"Well I'll tell you.  Before I get on my bike, I put a slice of bologna in each shoe.  That way, when I clip in and start pedaling, I feel funny.

Sorry - another Steve Martin joke.

Ok - We're about out of time.  Blogging sucks.  If it doesn't start getting fun again, I'm going to quit.  I don't want to quit, but I never seem to want to do it either.  So there's that. Dick.

Ok - writing "Dick" was kind of fun.  I have to go away now and think about why.

Good night or morning or what have ya.

Monday, November 02, 2015

Reminiscing with Shim

Gara e 1935, bicikleta vintage por te shpejta!
Gara e 1935, bicikleta vintage por te shpejta!
Posted by Eco Bicycle on Thursday, 29 October 2015

Friday, October 30, 2015

Swing Thought

Back in the early 2000's, I gave up cycling for golf.  I love golf.  But I don't do it anymore.  I like cycling almost as much as golf.  But it has way more physical and mental benefits.

So for the foreseeable future, I'm a cyclist. Again.

This round of cycling has been about diversity.  I used to ride exclusively road, but when I started back up a couple of years ago, I added single track "Mountain Biking" and Cross racing.

Actually, I started in the late fall of 2012.  I decided at that time to start riding in the winter.  That meant using my cross bike.  Yeah, my cross bike.  It was in sorry shape.  It had been hanging in the garage for years.  The chain was rusted stiff. Whenever I walked by it, it would squeak "Oil can" at me.

Getting it all dusted and cleaned off paved the way for the other cycling disciplines.  I rode tranquility and Swanson with the cross bike until I got the 29er.

The 29er made all the other trails more enjoyable.

So even though I think of myself as a road rider, I actually enjoy both mountain biking and especially cross more than road "racing."

I think a fun spirited road ride will always be my favorite, but I'm not much of a fan of races on a road bike.

Road racing is scary to me.  Well, just crits.  But that's most of the road races around here.

And time trials.  The worst.

I think Mountain bike (single track) races are kind of fun, mostly because of the ride itself.  Plus there's the whole "conquering your fear" thing.  I suppose I could apply that to crits, but crits have tremendous crashes at high speeds.  Mostly it's the handling skill I like learning while riding the 29er.

But Cross.  That's just a big sufferfest of fun.  It's always a party atmosphere.  The cheering, heckling, beer handups, stinging ass slaps.  That's as much fun as I've ever had on a bike.

And I'm getting better.  Slowly but surely.

My bike is heavy old steel.  It is not yet the main thing slowing me down.  Not yet ...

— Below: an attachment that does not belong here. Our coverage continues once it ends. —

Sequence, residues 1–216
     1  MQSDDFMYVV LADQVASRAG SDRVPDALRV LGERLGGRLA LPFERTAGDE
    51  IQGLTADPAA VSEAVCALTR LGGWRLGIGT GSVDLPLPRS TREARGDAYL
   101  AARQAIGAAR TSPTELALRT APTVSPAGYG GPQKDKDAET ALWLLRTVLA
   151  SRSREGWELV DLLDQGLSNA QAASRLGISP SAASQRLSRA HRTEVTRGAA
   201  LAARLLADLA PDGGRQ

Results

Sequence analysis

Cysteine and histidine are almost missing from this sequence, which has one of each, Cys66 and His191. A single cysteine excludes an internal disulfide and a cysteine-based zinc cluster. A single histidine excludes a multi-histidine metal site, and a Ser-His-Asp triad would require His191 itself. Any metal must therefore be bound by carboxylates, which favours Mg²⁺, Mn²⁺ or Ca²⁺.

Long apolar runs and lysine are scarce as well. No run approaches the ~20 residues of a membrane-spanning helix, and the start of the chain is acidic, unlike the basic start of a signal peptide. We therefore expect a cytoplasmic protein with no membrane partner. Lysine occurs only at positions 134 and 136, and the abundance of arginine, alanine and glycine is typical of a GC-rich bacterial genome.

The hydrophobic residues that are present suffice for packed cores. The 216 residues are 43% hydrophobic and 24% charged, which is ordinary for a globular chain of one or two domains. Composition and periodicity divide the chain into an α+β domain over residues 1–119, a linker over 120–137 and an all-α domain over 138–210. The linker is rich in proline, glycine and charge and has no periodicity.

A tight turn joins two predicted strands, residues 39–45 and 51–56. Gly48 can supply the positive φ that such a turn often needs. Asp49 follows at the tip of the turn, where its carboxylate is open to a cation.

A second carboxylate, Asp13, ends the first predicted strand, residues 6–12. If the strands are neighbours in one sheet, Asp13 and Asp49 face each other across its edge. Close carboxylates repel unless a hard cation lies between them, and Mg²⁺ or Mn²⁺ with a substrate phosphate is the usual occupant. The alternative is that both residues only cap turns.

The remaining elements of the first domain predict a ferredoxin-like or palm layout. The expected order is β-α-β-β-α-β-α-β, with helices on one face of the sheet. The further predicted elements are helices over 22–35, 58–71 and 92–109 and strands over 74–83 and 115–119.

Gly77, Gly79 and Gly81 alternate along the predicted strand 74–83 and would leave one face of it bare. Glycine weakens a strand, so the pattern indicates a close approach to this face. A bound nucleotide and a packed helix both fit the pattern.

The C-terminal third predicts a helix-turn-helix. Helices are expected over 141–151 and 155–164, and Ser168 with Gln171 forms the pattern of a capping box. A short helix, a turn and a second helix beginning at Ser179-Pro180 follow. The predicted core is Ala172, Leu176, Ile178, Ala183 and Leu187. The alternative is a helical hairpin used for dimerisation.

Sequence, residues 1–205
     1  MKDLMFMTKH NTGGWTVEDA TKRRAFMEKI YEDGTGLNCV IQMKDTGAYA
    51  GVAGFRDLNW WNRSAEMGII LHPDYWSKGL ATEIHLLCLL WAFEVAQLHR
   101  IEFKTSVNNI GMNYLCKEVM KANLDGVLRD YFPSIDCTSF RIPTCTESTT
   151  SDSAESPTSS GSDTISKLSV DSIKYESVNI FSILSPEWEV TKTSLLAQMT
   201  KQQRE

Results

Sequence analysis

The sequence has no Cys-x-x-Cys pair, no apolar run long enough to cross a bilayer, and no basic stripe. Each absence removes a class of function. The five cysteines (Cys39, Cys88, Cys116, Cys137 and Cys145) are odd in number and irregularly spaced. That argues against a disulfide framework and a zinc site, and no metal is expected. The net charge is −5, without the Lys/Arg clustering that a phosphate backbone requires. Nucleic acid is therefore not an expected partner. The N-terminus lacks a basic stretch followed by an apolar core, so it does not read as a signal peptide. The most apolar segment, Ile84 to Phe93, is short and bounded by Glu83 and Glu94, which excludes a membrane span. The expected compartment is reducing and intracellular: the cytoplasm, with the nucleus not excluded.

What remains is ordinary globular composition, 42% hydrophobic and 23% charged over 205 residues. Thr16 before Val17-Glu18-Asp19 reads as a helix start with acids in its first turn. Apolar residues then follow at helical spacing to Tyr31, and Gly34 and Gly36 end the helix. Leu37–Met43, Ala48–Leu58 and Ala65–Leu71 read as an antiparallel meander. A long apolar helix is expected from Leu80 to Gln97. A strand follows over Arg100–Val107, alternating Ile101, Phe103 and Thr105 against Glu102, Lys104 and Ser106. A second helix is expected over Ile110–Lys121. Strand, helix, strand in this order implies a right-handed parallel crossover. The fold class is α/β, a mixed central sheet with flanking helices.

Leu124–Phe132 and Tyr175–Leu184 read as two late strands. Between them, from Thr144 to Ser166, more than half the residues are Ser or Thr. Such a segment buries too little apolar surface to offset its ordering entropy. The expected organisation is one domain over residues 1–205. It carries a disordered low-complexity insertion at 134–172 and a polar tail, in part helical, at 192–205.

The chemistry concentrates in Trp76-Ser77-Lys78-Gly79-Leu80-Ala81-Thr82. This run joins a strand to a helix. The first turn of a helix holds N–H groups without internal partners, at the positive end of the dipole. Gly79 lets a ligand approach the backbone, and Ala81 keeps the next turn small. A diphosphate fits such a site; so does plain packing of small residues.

I can corner a little braver now.  I can pedal a little faster over bumpy, grassy land.  I can climb steep hills with better balance, etc.

But there's one thing I really struggle with.  It is the toughest thing about cross as far as I'm concerned.

Back when I was a golfer, when I was not practicing my swing, I was meditating on it. I took lessons. Everybody recommends lessons.  The pro can easily correct faults with your swing.  He gives you a new way to think about what you are doing.  He gives you drills to help.

When you are trying to learn the swing, you may have 5 or 6 things going through your mind about how to swing.

Eventually, you will hopefully get that down to one thought.  Then it's not a thought.  I believe it's a trigger at that point.

I learned some important things from golf that I apply to cycling. I have become a better cyclist in the last couple of years than I ever had been before.  The main thing I learned is relaxed muscles move faster than tensed ones.

Of course you have to use muscle to ride fast, but you need to learn to use as little as possible to get the job done.  To be efficient.

I saw a great demonstration of this principle once.  It was a golf video, but it applies.  The instructor showed what it looks like to run with all of your leg muscles clenched at once.  It was a comical, stiff legged hobble, but it illustrated the point.

When I'm climbing well, I'm thinking of relaxing my legs as much as possible.

In golf, my instructor wanted me to get all of my thinking done before I addressed the ball.  Once I set up, I was supposed to just swing.

Some thoughts seemed to help for a while - then they would get stale.  I'd pick another that would be good for a time then -- suck.

These days, I spend about as much time trying to remount my bike (cyclocross) as I used to spend trying to get my swing right.

Every once in a while, I would effortlessly hit that straight 250 yard drive.  No idea where it came from or how to repeat it.

A week ago, I was at Super Secret cross practice (Monday or Tuesday).  Lucas was the only other person there.  I mentioned that I was trying to figure out how to get back on the bike.

He gave me a fantastic swing thought.

About 90% of the time, I stutter step or land so hard on the seat, I'm afraid I'm going to pinch flat or break a spoke.  But sometimes I land so perfectly. So smooth.  Sometimes my feet just attach to the pedals immediately after the landing.  Sometimes.

I've been learning that smoothness in all of the motion helps.

Going only as fast as I can handle helps too.  If I try to go from anything more than a about 5 mph right now -- stutter step.

But I'm getting faster. Little by little.

The problem with swing thoughts in golf and remounting is that you are thinking about what to do.  Not doing.  The thought actually gets in the way once the correct feel is established.